[This was posted today on Redeemer.com.]
I am grieved that New York City is planning to take the unwise step of removing 68 churches from the spaces that they rent in public schools. It is my conviction that those churches housed in schools are invaluable assets to the neighborhoods that they serve. Churches have long been seen as positive additions to communities. Family stability, resources for those in need, and compassion for the marginalized are all positive influences that neighborhood churches provide. There are many with first-hand experience who will claim that the presence of churches in a neighborhood can lead to a drop in crime.
The great diversity of our city means that we will never all agree completely on anything. And we cherish our city’s reputation for tolerance of differing opinions and beliefs. Therefore, we should all mourn if disagreement with certain beliefs of the church is allowed to unduly influence the formation of just policy and practice.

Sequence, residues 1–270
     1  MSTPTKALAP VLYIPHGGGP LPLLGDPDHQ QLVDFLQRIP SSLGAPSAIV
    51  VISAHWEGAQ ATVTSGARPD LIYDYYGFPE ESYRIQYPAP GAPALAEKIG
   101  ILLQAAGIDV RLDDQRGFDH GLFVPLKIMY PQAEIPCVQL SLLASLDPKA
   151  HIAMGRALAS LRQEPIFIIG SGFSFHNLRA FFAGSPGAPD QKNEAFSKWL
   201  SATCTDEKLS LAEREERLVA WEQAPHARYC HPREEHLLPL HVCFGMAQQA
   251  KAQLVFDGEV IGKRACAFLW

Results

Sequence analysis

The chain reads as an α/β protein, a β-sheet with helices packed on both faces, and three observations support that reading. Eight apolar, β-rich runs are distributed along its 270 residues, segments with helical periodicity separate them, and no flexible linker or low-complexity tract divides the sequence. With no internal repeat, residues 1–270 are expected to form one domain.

I disagree with the opinion written by Judge Pierre Leval that: “A worship service is an act of organized religion that consecrates the place in which it is performed, making it a church.” This is an erroneous theological judgment; I know of no Christian church or denomination that believes that merely holding a service in a building somehow “consecrates” it, setting it apart from all common or profane use. To base a legal opinion on such a superstitious view is surely invalid. Conversely, I concur with Judge John Walker’s dissenting opinion that this ban constitutes viewpoint discrimination and the use of public schools raises no legitimate Establishment Clause concerns.
A disproportionate number of churches that are affected by this prohibition are not wealthy, established communities of faith. They are ones who possess the fewest resources and many work with the poor. Redeemer has many ties with those churches and their pastors, and our church community invests time and resources to assist them to be good neighbors in their communities.
Let them be those good neighbors. I am hopeful that the leaders of New York City and the legislators of New York State will see the value of a society that encourages all spheres of culture—the church, government, education, business, etc—to work together for human flourishing.
Dr. Timothy Keller
Redeemer Presbyterian Church